|Albanian · Armenian · Baltic|
Celtic · Germanic · Greek
Indo-Iranian (Indo-Aryan, Iranian)
Italic · Slavic extinct: Anatolian · Paleo-Balkan (Dacian,
Phrygian, Thracian) · Tocharian
|Vocabulary · Phonology · Sound laws · Ablaut · Root · Noun · Verb|
|Indo-European language-speaking peoples|
|Europe: Balts · Slavs · Albanians · Italics · Celts · Germanic peoples · Greeks · Paleo-Balkans (Illyrians · Thracians · Dacians) · Asia: Anatolians (Hittites, Luwians) · Armenians · Indo-Iranians (Iranians · Indo-Aryans) · Tocharians|
|Homeland · Society · Religion|
While the Armenians were known to history much earlier (Xenophon mentions them in his 4th century BC history, The Anabasis), the oldest surviving Armenian language text is the 5th century AD Bible translation of Mesrob Mashtots.
The large percentage of loans from Iranian languages initially led linguists to erroneously classify Armenian as an Iranian language. The distinctness of Armenian was only recognized when Hübschmann (1875) used the comparative method to distinguish two layers of Iranian loans from the true Armenian vocabulary.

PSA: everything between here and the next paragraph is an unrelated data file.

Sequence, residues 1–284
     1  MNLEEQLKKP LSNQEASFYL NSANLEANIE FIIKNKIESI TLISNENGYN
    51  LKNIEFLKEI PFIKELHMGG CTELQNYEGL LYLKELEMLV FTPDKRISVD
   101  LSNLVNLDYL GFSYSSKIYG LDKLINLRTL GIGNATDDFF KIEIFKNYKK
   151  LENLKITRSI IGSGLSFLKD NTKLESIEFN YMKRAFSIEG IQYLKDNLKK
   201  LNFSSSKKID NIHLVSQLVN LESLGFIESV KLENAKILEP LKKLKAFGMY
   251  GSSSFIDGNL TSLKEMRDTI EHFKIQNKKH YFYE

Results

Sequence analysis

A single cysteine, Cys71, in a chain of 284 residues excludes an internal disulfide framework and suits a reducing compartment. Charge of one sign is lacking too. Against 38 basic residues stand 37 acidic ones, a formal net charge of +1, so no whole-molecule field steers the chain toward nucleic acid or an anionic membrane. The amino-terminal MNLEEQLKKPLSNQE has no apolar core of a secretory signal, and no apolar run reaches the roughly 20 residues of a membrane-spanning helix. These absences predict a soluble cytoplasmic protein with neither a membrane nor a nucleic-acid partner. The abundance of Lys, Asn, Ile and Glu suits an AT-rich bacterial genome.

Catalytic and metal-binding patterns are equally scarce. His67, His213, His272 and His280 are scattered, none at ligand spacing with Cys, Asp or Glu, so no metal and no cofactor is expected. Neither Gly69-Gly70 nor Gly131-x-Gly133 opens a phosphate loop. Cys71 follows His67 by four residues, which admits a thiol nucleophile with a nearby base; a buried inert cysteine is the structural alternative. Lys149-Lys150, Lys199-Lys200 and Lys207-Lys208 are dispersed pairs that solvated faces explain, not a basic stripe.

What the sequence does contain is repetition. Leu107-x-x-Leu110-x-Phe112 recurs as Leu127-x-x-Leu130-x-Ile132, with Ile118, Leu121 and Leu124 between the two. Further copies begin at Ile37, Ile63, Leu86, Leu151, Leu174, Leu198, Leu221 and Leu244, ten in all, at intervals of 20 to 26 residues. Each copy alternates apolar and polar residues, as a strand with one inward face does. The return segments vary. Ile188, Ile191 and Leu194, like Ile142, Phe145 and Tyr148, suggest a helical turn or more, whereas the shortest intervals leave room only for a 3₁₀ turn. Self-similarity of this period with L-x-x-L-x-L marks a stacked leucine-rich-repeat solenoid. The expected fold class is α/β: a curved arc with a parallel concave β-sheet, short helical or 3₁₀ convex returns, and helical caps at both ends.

W. M. Austin in 1942 concluded that there was an early contact between Armenian and Anatolian languages, based on what he considered common archaisms, such as the lack of a feminine and the absence of inherited long vowels. But, unlike shared innovations (or synapomorphies) the common retention of archaisms (or symplesiomorphy) is not necessarily considered evidence of a period of common isolated development. (For example, the fact that birds and turtles have scales is not evidence of any special closeness, some mammals retain scales too, and scales date back to our common ancestors, the fish.)